Monthly Archives: February 2015

Actively Aerated Compost Tea

 

 
 

One teaspoon of soil has 1 billion bacteria, 1 million fungi, and 10,000 amoebas, protozoa, and nematodes. These critters are vital to maintaining a healthy soil. Commercial fertilizers are salt based, and poison the soil. Once the soil dies, you need to constantly feed your plants to keep them alive. The plants become dependent on the added fertilizer.

 

A more sustainable solution is to feed the soil, not the plants. If you have healthy soil, the plants will get all the nutrients they need from the soil. There are many teas that will help you feed your soil. This post features a super brew called actively aerated compost tea.  It is very simple and inexpensive to make and it works wonders.  There are many recipes for it. This one is adapted from an article by Diane Kennedy on Vegetariat.com and a class in Soil Alchemy that she conducted in July of 2013.
 

You will need a 5-gallon bucket, a paint strainer or cheesecloth or an old sock, a fish tank aerator or air bubbler, and some organic unsulphered molasses.

 

Fill the bucket with either rainwater or tap water. If the water contains chlorine, let it sit at least a day or aerate the water for 1 to 3 hours to allow the chlorine to evaporate.

 

Take the paint strainer and fill it with samples of good soil from around your property.  If you don’t have any good soil, then add the best you have and then take good soil from areas as close to your property as possible.  If you will be using the tea on bushes and trees, then be sure to take soil from under the same.  Woody plants  like highly fungal soil.  If you will be using the tea for annuals and veggies, then go heavy on fine, well-composted soil that is bacteria-rich.  Do the best you can; you can’t go wrong unless you take soil that has been sprayed with chemicals, use treated wood chips, or anaerobic soil (you’ll smell it if you do).

 

Place a stick or pvc tube across the top of the bucket, and tie the top of the cloth to it with twine so the the soil is suspended in the water.

 

Place the aerator or bubbler in the bucket, making sure the air intake hose is clear, and plug it in. An aerator with two outlets provides a better distribution of oxygen

 

Add about a tablespoon of molasses.  It is important that the molasses is unsulphered and organic for the same reasons that the water shouldn’t have chlorine in it or the soil any chemicals: those things will hurt the microbes that you will be growing.  For growth of other microbes, add about a teaspoon of any or all of the following: organic cornmeal, organic wheat flour, liquid kelp, and if you have it tucked away in your shed, bonemeal and bloodmeal (otherwise don’t buy it specially!).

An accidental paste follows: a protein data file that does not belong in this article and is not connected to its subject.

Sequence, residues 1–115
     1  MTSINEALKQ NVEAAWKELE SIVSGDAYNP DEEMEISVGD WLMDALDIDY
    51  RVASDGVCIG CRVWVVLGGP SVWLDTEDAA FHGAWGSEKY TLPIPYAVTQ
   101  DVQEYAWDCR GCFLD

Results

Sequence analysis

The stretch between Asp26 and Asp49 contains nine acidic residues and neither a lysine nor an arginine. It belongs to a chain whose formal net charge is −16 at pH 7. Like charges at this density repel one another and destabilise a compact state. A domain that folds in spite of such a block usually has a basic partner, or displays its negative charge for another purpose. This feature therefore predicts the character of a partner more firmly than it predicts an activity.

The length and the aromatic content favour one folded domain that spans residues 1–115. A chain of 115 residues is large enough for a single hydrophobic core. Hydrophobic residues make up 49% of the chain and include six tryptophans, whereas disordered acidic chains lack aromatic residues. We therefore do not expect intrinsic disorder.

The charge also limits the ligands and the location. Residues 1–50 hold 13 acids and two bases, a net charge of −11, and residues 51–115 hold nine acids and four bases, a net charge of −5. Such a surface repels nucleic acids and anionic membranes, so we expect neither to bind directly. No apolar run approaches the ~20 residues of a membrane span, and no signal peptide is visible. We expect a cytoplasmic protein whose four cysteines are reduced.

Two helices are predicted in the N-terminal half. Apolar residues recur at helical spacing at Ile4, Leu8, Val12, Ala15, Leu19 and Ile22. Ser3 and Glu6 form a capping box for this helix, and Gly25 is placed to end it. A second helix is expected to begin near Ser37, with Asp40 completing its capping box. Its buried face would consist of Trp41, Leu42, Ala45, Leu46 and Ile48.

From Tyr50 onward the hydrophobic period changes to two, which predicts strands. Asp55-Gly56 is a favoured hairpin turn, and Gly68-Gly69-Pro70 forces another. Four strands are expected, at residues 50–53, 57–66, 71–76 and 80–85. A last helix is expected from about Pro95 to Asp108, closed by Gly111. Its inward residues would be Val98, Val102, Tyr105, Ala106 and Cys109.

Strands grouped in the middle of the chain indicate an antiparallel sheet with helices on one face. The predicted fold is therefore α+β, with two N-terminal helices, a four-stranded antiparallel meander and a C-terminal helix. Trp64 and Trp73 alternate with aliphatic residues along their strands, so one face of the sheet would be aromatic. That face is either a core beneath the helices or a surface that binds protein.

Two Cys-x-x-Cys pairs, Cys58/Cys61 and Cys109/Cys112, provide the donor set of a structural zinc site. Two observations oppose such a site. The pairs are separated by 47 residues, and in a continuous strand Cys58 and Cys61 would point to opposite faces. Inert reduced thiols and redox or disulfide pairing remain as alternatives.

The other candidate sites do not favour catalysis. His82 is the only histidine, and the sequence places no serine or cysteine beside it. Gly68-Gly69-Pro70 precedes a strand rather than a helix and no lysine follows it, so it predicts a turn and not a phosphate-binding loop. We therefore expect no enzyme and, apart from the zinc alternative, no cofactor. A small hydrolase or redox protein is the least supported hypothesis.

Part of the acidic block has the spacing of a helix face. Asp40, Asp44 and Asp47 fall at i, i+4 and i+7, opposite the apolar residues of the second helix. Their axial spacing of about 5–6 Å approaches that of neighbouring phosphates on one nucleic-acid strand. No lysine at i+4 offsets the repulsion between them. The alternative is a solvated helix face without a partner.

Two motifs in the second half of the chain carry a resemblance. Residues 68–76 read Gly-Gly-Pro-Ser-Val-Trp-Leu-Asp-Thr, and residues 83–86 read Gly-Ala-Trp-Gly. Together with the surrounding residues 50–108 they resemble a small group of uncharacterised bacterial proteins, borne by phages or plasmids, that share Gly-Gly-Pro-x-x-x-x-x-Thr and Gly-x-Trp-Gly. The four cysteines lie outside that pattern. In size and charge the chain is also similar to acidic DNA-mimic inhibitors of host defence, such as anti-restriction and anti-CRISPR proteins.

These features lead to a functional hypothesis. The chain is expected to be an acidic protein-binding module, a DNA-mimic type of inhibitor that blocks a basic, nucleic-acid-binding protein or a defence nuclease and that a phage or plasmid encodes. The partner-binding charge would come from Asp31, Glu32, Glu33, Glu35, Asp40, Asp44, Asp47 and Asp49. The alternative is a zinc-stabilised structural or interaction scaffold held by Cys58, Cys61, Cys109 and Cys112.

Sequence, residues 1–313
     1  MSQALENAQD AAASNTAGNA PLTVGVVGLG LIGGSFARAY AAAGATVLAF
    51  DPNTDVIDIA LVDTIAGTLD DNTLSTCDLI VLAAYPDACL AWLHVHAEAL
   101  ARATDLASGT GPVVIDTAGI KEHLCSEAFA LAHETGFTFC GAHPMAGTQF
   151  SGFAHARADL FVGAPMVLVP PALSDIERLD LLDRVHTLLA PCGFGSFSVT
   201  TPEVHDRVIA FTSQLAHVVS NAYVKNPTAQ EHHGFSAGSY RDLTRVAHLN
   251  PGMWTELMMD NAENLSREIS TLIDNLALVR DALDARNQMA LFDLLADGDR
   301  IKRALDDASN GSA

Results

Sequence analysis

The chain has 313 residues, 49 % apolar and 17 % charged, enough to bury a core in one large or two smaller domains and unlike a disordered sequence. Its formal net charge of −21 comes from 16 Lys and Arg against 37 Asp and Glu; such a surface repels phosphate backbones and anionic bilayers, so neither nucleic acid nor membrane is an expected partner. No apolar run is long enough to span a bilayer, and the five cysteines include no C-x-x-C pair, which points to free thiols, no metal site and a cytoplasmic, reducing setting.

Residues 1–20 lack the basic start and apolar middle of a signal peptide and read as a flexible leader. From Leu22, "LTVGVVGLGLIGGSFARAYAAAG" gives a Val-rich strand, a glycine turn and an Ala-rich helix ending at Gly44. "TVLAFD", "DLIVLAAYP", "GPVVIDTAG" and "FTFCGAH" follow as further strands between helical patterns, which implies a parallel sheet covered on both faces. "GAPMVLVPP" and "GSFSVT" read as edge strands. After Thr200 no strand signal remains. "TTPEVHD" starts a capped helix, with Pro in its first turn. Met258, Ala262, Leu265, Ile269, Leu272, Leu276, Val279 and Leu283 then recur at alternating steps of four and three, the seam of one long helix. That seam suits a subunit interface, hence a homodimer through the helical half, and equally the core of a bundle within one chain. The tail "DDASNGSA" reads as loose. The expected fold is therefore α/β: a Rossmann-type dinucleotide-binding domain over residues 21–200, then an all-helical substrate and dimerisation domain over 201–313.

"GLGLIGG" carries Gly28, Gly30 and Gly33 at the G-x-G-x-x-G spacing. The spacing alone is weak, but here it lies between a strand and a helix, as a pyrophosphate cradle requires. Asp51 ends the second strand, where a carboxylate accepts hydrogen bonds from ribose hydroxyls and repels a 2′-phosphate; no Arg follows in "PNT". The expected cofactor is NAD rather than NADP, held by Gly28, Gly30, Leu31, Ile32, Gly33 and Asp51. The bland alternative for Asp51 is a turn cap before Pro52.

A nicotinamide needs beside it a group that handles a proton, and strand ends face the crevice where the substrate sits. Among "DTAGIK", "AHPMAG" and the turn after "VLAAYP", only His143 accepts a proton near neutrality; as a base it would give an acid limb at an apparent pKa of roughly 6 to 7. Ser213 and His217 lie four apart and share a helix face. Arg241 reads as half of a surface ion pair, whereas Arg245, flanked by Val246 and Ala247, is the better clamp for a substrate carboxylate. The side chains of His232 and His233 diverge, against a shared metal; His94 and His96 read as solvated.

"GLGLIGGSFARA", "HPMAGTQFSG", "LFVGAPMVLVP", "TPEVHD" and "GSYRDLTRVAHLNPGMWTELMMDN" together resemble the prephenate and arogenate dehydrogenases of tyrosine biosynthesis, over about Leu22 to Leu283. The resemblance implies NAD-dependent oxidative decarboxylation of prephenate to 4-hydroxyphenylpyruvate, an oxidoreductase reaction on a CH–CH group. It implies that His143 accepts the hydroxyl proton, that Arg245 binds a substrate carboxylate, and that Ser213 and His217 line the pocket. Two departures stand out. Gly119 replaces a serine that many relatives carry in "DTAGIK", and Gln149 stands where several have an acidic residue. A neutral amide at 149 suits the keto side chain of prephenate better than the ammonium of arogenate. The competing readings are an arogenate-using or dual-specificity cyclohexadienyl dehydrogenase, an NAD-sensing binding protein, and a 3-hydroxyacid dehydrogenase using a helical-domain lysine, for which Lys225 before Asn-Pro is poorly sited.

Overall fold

Allow the aerator to do its thing for about 13 hours.   The micororganisms in the compost will feed on the molasses and oxygen, reproducing until at about 13 hours their numbers will peak and begin dying off a little.  The tea should be used within a couple of hours.

 

What this tea is doing when applied, is establishing or boosting the fungus, bacteria, amoebas, nematodes, and other soil inhabitants in your dirt, all of which are native to your particular area.  If you have decent soil already, then you can use this tea 1:10 parts dechlorinated water.  If you have rotten dirt, use it straight along with a topping of compost.  Compost, whether it be cooked composed compost, straight leaf matter, shredded wood, logs, damp cardboard or natural fabrics, all provide shelter and hold moisture in so that your microbes have habitat.  Compost, of course, is the best source of food, moisture and shelter for them.

 

Apply the tea with a watering can, or a sprayer that has a large opening for the nozzle if you are using the tea as a foliar spray.  A squeeze-trigger bottle used for misting has too narrow an opening and will kill a lot of the little guys you have just grown.

 

Using the tea as a foliar spray will treat disease, fungus and nutrient deficiencies, and help protect plants against insect attack.  Instead of spraying sulfur or Bordeaux solution on your trees as is preached by modern gardening books, use compost tea on the leaves and around the drip line. When applied to leaves, the plant’s exudates hold the beneficial microorganisms to the stomata or breathing holes protecting them from disease and many harmful insects. You can’t overdose with compost tea.

 

All the additives that are recommended to ‘improve’ your soil are bandages not solutions.  Think of the billions of soft-bodied creatures living in your soil, waiting for organic matter to eat.  Then think of the lime, the rock dusts, the gypsum, the sulfur, the NPK concentrated chemical fertilizers (even derived from organic sources), poured onto these creatures.  It burns them, suffocates them and kills them.  Your plants show some positive results to begin with because they’ve just received a dose of nutrients, both from what you applied and from the dead bodies of all those murdered microbes.  However the problem still is there.  The only long-term solution to locked-up nutrients in the soil, hard pan, heavy clay, sand, compaction, burned, or poisoned soil, is good microbe-filled compost.  Remember that microbes turn soil into a neutral pH, and allow more collection of neutral pH rainwater.  Nutrients in the soil all become available at a neutral pH; there is no such thing as an iron-deficient soil.  The nutrients are just locked away from the roots because of the lack of microbes and the pH.